Indigenous Top Ten

November 5, 2014

New website encourages Aboriginal participation in the health sector

A new website has launched in Manitoba designed to encourage Aboriginal people to think about careers in the health sector. The Manitoba Aboriginal Health Careers website provides information on more than 40 careers in the health sector—including training/education requirements—and resources, job openings, and success stories. The success stories profile more than 20 First Nation and Métis health-care professionals currently working in MB, and are designed to inspire and encourage others to explore the health sector. The website is reportedly the first of its kind in Canada, and was developed by the province’s Office of Rural & Northern Health (ORNH) in partnership with the tribal councils of 7 area First Nations. “We need to ensure [that the Aboriginal population is] equally represented in the workforce in the health care sector. The web portal will provide easy access to all the information needed to help you get started,” said Wayne Heide, ORNH Director. CBC (1) | | CBC (2) | APTN | Website

Nunavut creates first health glossary in all 4 territorial languages

Nunavut’s Department of Culture and Heritage has produced a human anatomy glossary in the 4 official languages of the territory: Inuktitut, Inuinnaqtun, English, and French. The glossary is designed to facilitate communication among medical practitioners, interpreters, and patients. “During times of stress, it is common for patients to revert to their first language, their mother tongue,” said Minister Paul Okalik. The illustrated glossary—called Timiup Kisukuttilimaangita Taiguusingit—has more than 400 terms relating to the human body; the government consulted more than 75 Elders, health professionals, and interpreters during the creation of the guide. The glossary will be distributed to health centres throughout the territory and used as a reference guide by the Department of Health and Nunavut Arctic College. Nunatsiaq Online | CBC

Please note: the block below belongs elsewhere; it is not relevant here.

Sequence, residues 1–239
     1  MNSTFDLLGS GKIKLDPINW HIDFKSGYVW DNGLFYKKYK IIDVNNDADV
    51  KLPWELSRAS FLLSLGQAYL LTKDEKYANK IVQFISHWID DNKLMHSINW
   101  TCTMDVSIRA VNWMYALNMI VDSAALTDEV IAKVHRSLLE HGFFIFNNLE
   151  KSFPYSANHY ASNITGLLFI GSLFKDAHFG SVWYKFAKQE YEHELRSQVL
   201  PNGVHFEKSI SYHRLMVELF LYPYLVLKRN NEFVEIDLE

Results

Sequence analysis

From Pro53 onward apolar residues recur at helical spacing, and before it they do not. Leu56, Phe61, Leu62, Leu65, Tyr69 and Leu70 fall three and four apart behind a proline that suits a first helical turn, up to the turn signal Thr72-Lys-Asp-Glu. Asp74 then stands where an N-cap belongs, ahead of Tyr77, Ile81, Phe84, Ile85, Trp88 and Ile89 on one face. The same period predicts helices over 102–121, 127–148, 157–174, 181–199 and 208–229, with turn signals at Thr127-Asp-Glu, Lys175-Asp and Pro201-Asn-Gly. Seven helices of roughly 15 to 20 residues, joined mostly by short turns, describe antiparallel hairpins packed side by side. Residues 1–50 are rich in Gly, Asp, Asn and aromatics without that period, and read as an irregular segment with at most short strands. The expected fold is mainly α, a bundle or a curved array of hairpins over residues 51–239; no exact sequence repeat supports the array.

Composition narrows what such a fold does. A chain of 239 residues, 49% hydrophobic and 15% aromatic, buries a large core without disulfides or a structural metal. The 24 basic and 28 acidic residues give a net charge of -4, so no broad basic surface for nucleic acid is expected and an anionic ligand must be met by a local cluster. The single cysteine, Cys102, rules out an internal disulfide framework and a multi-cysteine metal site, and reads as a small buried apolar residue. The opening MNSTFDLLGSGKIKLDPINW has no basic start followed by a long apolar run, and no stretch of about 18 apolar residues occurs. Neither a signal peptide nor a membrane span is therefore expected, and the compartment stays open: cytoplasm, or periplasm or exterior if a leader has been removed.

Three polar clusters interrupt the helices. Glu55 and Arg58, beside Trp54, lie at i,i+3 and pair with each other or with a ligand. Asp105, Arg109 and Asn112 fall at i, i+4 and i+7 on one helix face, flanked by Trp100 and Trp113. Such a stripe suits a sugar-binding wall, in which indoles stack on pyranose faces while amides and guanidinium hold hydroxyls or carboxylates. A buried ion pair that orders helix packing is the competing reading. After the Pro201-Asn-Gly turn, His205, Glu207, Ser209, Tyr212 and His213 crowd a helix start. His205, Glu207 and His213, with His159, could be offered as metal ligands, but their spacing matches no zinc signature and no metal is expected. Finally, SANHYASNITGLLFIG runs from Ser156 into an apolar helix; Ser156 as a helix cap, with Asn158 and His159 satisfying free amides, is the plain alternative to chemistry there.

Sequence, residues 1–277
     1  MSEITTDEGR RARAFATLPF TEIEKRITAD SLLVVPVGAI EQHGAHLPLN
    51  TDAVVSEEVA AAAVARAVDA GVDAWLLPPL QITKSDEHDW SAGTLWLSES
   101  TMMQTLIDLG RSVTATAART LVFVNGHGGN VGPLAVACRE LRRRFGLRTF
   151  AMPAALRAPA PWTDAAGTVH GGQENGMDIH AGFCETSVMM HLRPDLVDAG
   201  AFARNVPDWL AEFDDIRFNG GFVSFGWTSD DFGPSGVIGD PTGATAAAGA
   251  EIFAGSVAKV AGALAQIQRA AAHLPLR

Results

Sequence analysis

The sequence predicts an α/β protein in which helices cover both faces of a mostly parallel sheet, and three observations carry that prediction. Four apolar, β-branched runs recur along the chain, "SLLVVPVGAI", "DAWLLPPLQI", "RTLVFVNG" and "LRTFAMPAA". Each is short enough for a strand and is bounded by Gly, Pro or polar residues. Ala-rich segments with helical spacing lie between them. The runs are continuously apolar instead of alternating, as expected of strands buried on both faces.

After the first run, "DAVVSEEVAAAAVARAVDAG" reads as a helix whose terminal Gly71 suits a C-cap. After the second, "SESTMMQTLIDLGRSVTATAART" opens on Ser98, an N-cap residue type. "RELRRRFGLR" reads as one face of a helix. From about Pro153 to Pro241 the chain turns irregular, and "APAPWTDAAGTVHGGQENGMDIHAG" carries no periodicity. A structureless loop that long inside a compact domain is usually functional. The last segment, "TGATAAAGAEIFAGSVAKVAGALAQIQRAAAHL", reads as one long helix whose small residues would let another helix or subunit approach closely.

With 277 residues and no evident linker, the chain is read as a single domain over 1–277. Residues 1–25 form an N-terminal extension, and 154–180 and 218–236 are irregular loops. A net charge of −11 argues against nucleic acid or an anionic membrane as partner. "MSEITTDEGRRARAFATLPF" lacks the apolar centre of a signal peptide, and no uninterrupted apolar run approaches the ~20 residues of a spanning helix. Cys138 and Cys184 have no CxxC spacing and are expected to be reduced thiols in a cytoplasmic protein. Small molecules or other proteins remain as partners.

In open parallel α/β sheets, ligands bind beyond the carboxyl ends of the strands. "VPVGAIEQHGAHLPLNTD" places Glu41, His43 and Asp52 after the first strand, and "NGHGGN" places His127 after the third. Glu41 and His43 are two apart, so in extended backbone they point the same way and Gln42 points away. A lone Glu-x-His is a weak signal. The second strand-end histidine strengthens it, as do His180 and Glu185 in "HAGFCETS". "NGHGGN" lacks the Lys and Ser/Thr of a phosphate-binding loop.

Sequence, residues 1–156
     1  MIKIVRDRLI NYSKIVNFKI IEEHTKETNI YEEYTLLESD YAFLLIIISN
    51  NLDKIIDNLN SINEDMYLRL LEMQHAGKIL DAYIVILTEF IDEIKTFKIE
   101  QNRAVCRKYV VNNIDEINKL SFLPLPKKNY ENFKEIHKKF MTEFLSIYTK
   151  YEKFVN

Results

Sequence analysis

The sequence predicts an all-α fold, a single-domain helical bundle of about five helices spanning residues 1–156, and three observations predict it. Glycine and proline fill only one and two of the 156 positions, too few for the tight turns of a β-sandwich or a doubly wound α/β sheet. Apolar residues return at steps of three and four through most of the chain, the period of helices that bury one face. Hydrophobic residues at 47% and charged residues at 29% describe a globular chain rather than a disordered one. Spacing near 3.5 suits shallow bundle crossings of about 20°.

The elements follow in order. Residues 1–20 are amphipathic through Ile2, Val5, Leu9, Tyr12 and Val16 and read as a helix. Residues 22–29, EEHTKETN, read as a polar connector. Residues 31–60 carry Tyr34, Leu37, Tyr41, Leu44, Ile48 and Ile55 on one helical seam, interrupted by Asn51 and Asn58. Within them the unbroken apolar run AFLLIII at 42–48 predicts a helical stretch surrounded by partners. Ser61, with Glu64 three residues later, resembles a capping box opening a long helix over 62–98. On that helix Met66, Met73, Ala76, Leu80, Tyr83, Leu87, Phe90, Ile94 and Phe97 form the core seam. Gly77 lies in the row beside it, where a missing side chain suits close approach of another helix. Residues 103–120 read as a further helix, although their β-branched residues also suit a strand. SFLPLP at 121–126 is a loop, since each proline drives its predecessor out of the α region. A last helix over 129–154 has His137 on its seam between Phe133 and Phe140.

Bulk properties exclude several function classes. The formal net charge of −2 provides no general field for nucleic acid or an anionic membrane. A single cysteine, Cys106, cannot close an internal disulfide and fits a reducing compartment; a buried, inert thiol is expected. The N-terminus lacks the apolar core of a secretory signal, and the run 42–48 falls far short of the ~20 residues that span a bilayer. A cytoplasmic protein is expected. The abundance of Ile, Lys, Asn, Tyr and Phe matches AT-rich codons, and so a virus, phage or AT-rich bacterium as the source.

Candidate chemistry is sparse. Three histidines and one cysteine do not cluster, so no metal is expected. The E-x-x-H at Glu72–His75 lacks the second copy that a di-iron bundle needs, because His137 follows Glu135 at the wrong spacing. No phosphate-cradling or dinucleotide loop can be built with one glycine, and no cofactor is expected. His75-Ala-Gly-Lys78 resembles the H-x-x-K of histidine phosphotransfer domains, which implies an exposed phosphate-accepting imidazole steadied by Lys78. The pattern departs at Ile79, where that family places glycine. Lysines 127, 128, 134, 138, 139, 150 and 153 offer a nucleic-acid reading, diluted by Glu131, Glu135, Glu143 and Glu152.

Aboriginal alumni association created at Queen’s

Queen’s University has created an Aboriginal Alumni Chapter to connect graduates with current and prospective students. Online mentoring and networking will be the main focus of the chapter, although Janice Hill, Director of the Four Directions Aboriginal Student Centre, notes that she wants to involve alumni who can give accounts of their time at Queen’s and make suggestions for improving programming. “I’ve told students that when you have a Queen’s education, you can go anywhere in the world. Your education isn’t just your diploma, it’s your network. And you don’t necessarily realize that when you’re young,” said Hill. Recruiting efforts are underway, and it is hoped an official launch can be held later this year. Queen’s News

Elsipogtog and St Thomas University partner for in-community program

New Brunswick’s St Thomas University has partnered with the Elsipogtog First Nation to provide introductory university classes in the community. Under the agreement, students can take first-year math and English classes at home; upon completing the courses, students can transfer to the Bachelor of Arts program at STU. Elsipogtog Chief Aaron Sock noted that the odds of success are better if students have a good first year, stating, “you’re such a close-knit community [and] that’s what you’re used to so when you go off the community it’s bit of a culture shock.” Global News